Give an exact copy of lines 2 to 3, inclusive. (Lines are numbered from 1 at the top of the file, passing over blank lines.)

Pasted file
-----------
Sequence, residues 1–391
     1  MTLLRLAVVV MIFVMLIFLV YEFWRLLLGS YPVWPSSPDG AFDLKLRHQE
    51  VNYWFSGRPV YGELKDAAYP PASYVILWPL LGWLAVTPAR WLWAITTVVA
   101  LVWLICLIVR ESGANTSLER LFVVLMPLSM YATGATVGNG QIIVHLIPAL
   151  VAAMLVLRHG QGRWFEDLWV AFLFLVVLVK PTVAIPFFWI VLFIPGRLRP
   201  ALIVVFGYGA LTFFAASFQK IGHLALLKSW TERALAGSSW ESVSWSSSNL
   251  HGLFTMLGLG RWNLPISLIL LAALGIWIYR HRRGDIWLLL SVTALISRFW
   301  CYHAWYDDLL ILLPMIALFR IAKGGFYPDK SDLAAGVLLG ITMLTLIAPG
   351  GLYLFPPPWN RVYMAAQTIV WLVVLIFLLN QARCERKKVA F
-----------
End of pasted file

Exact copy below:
     1  MTLLRLAVVV MIFVMLIFLV YEFWRLLLGS YPVWPSSPDG AFDLKLRHQE
    51  VNYWFSGRPV YGELKDAAYP PASYVILWPL LGWLAVTPAR WLWAITTVVA